Participation for Economic Advancement

Over the years, a great deal of work has been done on how to build participation and increase the voice of disenfranchised groups in political and social processes that affect their lives. Civil society and public action, with the support of engaged research, have opened up spaces for people to have a say in social and political policies at many levels. However, economic processes have only rarely been the focus of such efforts.

Economic power can liberate, but it can also oppress and disenfranchise as much as other forms of power. Economic policy-making generally still takes place behind closed doors, in processes that are heavily technocratic.  Business decision-making is in the hands of asset owners (shareholders, investors, entrepreneurs).  Orthodox economics emphasises rational self-interest over collective action towards shared well-being. Opening up and creating spaces for the economically disenfranchised to have a voice and to participate in decisions that affect them remains a key challenge. The Open Society Foundations Economic Advancement Programme is working with researchers in the Business Markets and States and Participation research teams at the Institute of Development Studies to try and address this challenge.

The Key Issues Guides and documents included in this collection are designed to present an overview of participation in economic advancement: introducing key concepts (What is Participation?); providing an overview of building participation within economic programmes - at the grantee/investee and at the internal funder levels (Participation for Economic Advancement Programming) and presenting examples of different models and processes in the economic sphere, and how these can enable meaningful participation (Mapping Participation in Economic Advancement).  It is recommended that those new to the field of participation in economic advancement read the overview guide before the other two.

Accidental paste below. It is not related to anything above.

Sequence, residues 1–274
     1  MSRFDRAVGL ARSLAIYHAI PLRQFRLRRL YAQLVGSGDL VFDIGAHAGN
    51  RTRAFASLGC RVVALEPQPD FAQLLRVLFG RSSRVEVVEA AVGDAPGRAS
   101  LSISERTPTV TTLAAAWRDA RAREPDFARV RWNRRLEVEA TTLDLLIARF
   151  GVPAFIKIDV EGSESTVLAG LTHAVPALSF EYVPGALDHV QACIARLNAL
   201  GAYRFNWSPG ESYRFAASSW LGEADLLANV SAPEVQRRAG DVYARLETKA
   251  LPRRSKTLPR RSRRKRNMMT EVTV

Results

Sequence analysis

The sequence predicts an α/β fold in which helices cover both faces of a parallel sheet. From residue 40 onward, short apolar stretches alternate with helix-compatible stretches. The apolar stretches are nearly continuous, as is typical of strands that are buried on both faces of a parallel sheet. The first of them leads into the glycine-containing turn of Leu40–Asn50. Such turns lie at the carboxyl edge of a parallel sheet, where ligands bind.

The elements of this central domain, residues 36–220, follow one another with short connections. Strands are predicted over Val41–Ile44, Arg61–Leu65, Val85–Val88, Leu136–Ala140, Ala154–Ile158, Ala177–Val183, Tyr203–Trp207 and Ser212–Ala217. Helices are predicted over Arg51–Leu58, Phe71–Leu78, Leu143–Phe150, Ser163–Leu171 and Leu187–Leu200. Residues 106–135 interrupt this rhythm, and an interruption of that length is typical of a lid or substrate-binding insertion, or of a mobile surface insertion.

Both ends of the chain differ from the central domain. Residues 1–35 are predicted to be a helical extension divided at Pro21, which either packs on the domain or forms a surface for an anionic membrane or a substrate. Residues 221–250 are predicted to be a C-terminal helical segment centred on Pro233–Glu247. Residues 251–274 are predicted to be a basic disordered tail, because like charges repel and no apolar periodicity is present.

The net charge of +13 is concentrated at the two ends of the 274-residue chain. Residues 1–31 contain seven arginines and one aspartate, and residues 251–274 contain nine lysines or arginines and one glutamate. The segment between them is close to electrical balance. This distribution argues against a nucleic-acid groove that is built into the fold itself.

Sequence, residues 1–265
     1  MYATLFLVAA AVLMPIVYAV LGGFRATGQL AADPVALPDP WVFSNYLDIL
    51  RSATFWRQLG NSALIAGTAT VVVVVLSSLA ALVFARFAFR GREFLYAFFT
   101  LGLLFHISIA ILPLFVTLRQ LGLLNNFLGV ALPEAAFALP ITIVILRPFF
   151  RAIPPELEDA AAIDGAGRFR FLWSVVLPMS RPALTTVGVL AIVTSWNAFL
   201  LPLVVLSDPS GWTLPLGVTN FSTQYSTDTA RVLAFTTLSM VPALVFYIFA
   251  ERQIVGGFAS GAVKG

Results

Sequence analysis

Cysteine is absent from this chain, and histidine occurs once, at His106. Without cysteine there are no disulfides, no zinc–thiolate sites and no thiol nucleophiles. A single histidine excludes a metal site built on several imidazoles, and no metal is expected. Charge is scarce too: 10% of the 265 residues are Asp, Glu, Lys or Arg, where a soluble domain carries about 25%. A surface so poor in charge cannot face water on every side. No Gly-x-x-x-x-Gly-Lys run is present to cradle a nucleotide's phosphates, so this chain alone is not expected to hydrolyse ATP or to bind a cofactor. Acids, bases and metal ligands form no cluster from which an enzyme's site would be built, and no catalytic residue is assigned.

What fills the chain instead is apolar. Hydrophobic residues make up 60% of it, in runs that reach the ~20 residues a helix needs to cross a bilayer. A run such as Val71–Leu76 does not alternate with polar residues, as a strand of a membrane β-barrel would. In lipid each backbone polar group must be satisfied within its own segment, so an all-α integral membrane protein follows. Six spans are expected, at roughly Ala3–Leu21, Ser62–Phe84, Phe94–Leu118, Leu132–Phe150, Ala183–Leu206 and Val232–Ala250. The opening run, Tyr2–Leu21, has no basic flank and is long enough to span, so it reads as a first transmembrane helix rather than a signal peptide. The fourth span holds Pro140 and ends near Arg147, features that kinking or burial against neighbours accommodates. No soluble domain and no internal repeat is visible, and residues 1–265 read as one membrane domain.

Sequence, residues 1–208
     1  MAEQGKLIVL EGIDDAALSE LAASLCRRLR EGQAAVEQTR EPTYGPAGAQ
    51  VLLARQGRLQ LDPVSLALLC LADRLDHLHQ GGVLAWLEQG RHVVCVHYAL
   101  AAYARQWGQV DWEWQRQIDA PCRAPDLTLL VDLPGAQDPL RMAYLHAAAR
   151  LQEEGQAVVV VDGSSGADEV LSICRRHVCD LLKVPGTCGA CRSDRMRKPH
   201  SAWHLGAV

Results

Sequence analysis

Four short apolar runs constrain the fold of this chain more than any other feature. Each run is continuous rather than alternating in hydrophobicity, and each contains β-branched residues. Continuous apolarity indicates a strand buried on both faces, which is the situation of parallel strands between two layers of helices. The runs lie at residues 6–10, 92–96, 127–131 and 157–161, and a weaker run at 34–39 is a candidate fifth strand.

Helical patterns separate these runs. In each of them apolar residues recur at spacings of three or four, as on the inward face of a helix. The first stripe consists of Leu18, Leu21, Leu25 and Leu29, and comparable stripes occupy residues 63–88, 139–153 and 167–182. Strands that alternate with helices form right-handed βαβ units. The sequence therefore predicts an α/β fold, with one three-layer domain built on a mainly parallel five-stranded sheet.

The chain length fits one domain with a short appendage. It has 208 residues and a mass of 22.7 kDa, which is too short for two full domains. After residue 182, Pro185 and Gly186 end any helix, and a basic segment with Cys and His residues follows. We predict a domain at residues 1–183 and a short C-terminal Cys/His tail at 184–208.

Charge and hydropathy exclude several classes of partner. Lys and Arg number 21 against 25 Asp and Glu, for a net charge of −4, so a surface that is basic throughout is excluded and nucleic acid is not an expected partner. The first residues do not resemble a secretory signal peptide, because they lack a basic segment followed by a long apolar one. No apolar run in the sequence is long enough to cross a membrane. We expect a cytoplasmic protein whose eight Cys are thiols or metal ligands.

Image credit: Favéla Santa Marta, Painting of life in the favéla | dany13 | Flickr | CC BY 2.0 

This Key Issues Guide is sponsored by the Economic Advancement Program of the Open Society Foundations. The Economic Advancement Program was launched in 2016 to work at the nexus of economic development and social justice by encouraging economic transformation that increases material opportunity in ways that promote open and prosperous societies.

In this collection

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Showing 1-10 of 31 results

  • Participatory impact investing: concepts and definitions

    Institute of Development Studies UK, 2018
    Impact investors have done a lot of good (and some bad) so far, but mostly on their own terms. From a “return on investment perspective,” this makes sense: they have the capital, the knowledge and the means when it comes to “investment”.However, even with this perspective in mind, incorporating participation affords an opportunity to receive feedback from a larger range of stakeholders with better local knowledge and consequently safeguard against financial and social impact risks....
  • Participatory impact investing: concepts and definitions

    Institute of Development Studies UK, 2018
    Impact investors have done a lot of good (and some bad) so far, but mostly on their own terms. From a “return on investment perspective,” this makes sense: they have the capital, the knowledge and the means when it comes to “investment”.However, even with this perspective in mind, incorporating participation affords an opportunity to receive feedback from a larger range of stakeholders with better local knowledge and consequently safeguard against financial and social impact risks....
  • Time to share the costs of participation in impact investing

    Institute of Development Studies UK, 2018
    That there are real costs to participation is not news.  But impact investors, donors and investees themselves have not yet confronted the question of how such costs should be addressed across their industry. It is time to do so....
  • Shifting economic power dimensions for women in Adonara, Indonesia

    Institute of Development Studies UK, 2019